Is space finite ?

Discussion in 'Astronomy, Exobiology, & Cosmology' started by Mark Turner, Jul 3, 2019.

  1. Mark Turner Registered Senior Member

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    Hello ,

    Is space finite ?

    What is the edge of space if there were one ?

    Thanks in advance for your opinions
     
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  3. DaveC426913 Valued Senior Member

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    We are not currently certain whether the universe is finite of infinite.

    We do define the Observable Universe as finite - it is simply the volume that we can see based on the propagation of light, Cosmological Expansion and the time since the Big Bang.

    Regardless of finite or infinite, the universe does not have an edge or a boundary. It is not an expansion into something, it is an expansion of space.
     
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  5. Mark Turner Registered Senior Member

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    How do we measure it ?

    Thanks in advance .
     
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  7. DaveC426913 Valued Senior Member

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    Measure what, exactly?
    The extent of the observable universe? It is limited by the speed of light and Cosmological expansion. We believe it is about 93 billion light years across. This gets a bit tricky, since the universe is only 13.7 billion years old.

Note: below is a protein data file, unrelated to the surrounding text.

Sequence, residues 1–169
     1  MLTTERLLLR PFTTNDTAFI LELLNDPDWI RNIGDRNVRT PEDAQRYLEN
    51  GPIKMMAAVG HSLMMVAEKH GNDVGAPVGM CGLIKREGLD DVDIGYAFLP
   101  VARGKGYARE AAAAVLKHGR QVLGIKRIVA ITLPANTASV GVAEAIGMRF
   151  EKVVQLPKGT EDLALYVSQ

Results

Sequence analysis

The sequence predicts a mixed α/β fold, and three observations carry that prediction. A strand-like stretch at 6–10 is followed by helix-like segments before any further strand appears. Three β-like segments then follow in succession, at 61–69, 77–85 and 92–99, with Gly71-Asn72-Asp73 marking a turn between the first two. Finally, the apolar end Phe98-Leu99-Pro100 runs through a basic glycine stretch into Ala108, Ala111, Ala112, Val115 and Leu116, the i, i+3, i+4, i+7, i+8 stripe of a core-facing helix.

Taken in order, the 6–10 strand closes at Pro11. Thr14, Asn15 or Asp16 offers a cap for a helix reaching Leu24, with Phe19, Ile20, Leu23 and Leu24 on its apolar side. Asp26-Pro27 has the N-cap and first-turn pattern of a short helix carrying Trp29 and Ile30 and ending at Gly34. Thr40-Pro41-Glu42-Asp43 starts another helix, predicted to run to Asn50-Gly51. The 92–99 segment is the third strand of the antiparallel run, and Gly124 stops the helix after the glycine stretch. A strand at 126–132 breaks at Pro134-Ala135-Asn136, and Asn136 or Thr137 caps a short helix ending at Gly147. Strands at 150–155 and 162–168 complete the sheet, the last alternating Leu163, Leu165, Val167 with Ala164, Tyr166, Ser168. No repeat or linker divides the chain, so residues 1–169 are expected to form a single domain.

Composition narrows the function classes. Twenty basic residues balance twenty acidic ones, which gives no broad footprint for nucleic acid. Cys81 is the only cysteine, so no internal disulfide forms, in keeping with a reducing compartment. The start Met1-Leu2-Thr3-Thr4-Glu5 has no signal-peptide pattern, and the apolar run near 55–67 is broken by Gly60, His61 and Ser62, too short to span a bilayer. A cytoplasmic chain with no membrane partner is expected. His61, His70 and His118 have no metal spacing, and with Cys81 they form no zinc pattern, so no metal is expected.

We have no way to know if there is more universe beyond that.
     
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  8. paddoboy Valued Senior Member

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    The expansion is measured by the cosmological red shift.
    The expansion acts to stretch light waves as they propagate, and we observe a shift towards the red end of the spectrum. A galaxy's/Quazar's actual distance from us, is related to how fast the universe is expanding.
    Cosmologists also use what we call "standard candles" such as type 1a supernova and Ceipheid variables which have apparent intrinsic brightness.
     
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  9. Mark Turner Registered Senior Member

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    You've answered my question thank you , on how we measure the size of the Universe and how big it is .

    I have one more question on cosmology.

    What matter exists between planets ?

    Thanks in advance .
     
  10. DaveC426913 Valued Senior Member

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    Space is pretty close to hard vacuum. Depending on where you look, it might have a few to many atoms floating around in every square inch.

    It's thicker in our solar system, where there's lot of dust and gas from planets, from the Sun and freely floating in their own orbits.

    Near Earth, 5 atoms per cubic centimetre is a good approximation.
    In intergalactic space, one atom per cubic metre is a good approximation.

    But the short answer to your question is: there is nearly - but not entirely - zero matter in most of space.
     
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  11. Mark Turner Registered Senior Member

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    Sorry , I need to bother you furthermore and extend the question .

    Is there a specific difference between matter and the Earths magnetosphere ?

    Thanks in advance.
     
  12. DaveC426913 Valued Senior Member

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    You do not need to apologize for asking questions. Questions are why some of us are here!